Friday, 19 September 2008

the end of the dinosaurus

The End Of The Dinosaurs

by enrico
The Jurassic and Cretaceous periods are known as the time of the dinosaurs. During these two vast eras of time the world was dominated by these giant reptiles. Some of the sauropod herbivores are the largest animals to have ever walked the planet, and the Tyrannosaurus Rex is the largest ever land predator. The periods also saw the development of flowing plants, birds and mammals, all of which are still alive and thriving today.

The start of the Jurassic period was signalled by the Triassic-Jurassic extinction event. With many species dying out, there were large ecological niches that would be filled over time. During the Jurassic the supercontinent Pangea broke up into two separate land masses, Laurasia in the North and Gondwana in the South. The climate at the time was much warmer than that of today, with no land at the North or South poles.

Marine crocodiles, dolphin-like ichthyosaurs and the plesiosaurs dominated the oceans. All reptilian, whales and dolphins would not enter the seas for millions of years to come. The Jurassic also saw a large increase in planktonic species.

During this time many of the 'classic' dinosaurs evolved. Long-necked herbivores such as Diplodocus and Apatosaurus were feeding from the abundant ferns, cyads and conifer trees. Their enormous size would have been a deterrent to predators and would also allow them to browse vegetation at levels that other animals could not reach. With such a long and flexible neck an animal such as Diplodocus would have been able to feed on almost all vegetation growing at the time. Large Tyrannorsaur-like therapods were also living at this time, possibly hunting sauropods. Little is known about the behavior of dinosaurs as so many fossil specimens are incomplete. During the late Jurassic the first birds evolved from smaller bipedal dinosaurs.

The Cretaceous period started around 145 million years ago and lasted until the extinction of the dinosaurs, around 65 million years ago. During the Cretaceous period the continents continued to break up and started to resemble that which we see today. South America, Antarctica and Australia all moved away from Africa forming the Atlantic and Indian Oceans. The planet continued to cool in temperature, although remaining much hotter than current climates. Tropical average temperatures would have averaged at around 37 degrees centigrade, with deep sea temperatures sitting around 20 degrees hotter than they do today.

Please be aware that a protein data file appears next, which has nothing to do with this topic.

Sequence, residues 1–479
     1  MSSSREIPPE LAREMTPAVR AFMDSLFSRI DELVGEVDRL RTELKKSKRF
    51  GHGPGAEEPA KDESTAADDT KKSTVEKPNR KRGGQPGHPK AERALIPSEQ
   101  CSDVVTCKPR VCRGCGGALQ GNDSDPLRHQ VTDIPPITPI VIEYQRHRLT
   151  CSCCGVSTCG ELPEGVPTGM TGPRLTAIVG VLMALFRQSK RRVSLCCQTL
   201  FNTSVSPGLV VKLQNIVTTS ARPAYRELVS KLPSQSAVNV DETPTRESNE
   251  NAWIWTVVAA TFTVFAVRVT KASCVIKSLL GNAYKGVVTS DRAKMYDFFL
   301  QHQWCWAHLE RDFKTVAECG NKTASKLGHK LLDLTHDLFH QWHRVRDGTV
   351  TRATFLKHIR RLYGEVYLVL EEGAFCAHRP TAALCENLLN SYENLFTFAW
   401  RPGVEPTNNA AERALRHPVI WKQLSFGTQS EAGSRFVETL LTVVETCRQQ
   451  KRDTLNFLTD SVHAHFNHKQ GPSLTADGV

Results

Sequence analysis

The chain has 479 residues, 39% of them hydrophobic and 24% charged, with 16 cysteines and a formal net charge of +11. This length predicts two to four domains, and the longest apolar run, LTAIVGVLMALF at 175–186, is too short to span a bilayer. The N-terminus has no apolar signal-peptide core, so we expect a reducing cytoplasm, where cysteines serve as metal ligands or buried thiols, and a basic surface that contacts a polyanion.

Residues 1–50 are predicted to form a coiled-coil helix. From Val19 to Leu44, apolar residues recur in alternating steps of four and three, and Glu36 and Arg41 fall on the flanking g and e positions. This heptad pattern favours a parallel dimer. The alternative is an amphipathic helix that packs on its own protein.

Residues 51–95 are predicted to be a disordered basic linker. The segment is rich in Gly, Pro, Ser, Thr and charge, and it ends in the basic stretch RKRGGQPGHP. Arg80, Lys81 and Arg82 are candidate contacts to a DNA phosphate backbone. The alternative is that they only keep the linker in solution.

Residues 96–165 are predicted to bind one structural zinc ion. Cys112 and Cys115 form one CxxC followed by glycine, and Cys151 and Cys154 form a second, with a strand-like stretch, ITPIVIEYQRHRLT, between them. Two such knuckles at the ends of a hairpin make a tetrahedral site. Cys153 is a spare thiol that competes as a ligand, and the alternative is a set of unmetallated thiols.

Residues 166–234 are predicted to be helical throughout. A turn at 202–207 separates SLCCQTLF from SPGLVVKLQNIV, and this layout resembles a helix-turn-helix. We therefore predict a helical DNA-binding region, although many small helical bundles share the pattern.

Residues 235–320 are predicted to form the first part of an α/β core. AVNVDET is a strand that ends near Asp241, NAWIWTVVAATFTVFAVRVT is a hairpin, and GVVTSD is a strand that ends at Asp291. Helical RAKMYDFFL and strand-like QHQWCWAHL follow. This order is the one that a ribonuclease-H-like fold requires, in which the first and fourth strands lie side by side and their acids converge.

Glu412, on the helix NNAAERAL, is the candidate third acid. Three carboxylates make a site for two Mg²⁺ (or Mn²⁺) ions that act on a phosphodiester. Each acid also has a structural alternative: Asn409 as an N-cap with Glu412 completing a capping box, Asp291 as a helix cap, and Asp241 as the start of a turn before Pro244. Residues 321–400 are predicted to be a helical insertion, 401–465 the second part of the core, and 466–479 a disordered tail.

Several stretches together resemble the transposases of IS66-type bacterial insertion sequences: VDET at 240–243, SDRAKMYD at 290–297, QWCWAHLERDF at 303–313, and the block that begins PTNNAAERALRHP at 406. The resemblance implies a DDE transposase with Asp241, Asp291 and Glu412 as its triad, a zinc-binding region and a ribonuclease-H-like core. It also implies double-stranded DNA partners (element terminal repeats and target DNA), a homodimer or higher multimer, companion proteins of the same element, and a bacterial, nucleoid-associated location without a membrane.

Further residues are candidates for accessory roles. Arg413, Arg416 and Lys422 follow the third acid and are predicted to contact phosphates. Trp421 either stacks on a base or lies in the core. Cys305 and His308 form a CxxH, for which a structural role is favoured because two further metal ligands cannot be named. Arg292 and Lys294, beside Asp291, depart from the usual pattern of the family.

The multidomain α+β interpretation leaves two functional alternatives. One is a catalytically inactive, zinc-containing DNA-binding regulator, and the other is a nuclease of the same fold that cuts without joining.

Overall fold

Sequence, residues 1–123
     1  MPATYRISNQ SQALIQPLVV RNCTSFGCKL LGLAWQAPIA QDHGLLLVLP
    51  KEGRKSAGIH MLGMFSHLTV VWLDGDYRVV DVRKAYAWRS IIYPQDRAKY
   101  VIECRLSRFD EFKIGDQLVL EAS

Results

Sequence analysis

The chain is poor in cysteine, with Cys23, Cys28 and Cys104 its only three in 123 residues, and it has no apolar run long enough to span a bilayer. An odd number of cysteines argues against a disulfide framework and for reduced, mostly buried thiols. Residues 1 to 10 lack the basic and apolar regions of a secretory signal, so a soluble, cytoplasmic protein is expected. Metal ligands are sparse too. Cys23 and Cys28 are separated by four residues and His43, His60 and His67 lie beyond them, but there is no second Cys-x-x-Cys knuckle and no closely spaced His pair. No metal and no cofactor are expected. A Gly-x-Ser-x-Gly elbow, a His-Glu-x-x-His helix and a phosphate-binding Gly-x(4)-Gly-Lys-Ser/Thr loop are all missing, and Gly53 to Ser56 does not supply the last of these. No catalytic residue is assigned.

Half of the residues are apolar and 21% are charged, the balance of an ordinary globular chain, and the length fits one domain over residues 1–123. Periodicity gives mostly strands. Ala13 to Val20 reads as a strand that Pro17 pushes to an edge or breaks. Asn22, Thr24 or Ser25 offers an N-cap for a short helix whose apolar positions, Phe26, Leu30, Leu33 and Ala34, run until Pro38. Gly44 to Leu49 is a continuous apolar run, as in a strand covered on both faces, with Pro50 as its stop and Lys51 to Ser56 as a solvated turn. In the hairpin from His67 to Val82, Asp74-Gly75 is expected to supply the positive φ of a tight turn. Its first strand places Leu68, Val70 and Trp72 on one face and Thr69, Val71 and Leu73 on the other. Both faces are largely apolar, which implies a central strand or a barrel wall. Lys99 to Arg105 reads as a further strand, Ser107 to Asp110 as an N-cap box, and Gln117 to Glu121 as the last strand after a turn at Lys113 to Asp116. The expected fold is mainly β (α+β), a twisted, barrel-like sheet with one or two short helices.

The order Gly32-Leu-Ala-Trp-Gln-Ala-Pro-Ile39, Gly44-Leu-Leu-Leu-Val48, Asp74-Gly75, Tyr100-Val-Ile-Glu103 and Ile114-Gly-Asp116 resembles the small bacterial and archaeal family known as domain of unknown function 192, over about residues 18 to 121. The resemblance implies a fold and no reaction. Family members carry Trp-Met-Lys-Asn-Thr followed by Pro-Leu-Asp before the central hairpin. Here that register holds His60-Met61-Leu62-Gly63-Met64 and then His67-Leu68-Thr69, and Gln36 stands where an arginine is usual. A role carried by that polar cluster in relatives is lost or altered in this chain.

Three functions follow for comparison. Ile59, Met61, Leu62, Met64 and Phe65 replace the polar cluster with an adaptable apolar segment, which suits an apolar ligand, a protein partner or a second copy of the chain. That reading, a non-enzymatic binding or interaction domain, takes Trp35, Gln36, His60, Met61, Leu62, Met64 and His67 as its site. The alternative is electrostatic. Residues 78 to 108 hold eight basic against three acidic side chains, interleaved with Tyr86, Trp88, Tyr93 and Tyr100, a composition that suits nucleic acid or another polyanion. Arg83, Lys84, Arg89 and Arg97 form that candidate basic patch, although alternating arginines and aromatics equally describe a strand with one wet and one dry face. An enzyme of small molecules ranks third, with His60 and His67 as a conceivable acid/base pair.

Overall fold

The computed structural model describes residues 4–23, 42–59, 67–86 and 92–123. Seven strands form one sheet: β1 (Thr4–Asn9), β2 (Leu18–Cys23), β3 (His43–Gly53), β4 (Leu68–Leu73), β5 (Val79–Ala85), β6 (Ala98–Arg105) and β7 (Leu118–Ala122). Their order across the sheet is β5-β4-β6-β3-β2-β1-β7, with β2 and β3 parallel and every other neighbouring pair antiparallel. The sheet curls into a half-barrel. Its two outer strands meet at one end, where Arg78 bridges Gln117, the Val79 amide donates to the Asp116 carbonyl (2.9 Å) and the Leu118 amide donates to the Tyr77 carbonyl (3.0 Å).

The Cretaceous is notable for the spread of flowering plants, or angiosperms. Along with the development of flowers was the evolution of bees and other pollen-spreading insects. This flourishing ecosystem is an excellent example of where two organisms can greatly accelerate eachother 's development, commonly known as coevolution. Many leafy trees also began to show up during the Cretaceous, and plants started to look much more like they do in modern times.

The dinosaurs would continue to evolve and thrive during the Cretaceous period with many of the most well-known species flourishing during this period. Tyrannosaurus was the top land predator along with smaller bipedal dinosaurs such as Velociraptors. Pterosaurs would face increasing competition from birds and would dwindle significantly in numbers towards the end of the Cretaceous. Mammals were still restricted to smaller nocturnal creatures. At this point in the sea sharks and rays had fully developed and would remain the same even millions of years later.

The Cretaceous period was ended by a huge mass extinction event known as the Cretaceous-Tertiary extinction. It is thought that the extinction was brought on by a huge meteorite impact, the crater of which can be found on the Chicxulub coast in Mexico. The impact would have kicked up a huge dust cloud, blocking much of the sun 's light. The impact crater shows that the meteor struck the coastline and so would have caused massive tsunamis, which would have proved fatal to all animal life caught in them. Evidence of tsunamis is prevalent across the USA, with marine sand found a long distance in land. The impact produced a cloud of sulphur dioxide which would have caused reduced sunlight as well as acid rain. This would have killed plants and plankton, severely harming the ecosystems that depended on them.

The only survivors of the event were omnivores, insectivores and carrion-eaters. Ecosystems that were based on consuming detritus would have been able to survive, and mammals with their warm blood and diet of insects would have been able to live through events that killed the larger reptilian dinosaurs. Crocodiles also survived the extinction event, this is thought to be due to their ability to live as scavengers and go for months without food.

After this mass extinction killed off the vast majority of the dominant life-forms a vast number of ecological niches were left open for mammals and birds to fill. The next era is known as the Paleocene Epoch and would see the growth of mammals across the planet.

About the Author

Patrick is an expert Research and Travel consultant. His current interest is in Birmingham airport hotels, Sofitel Gatwick and Gatwick Maple Manor.

Article Source: Content for Reprint


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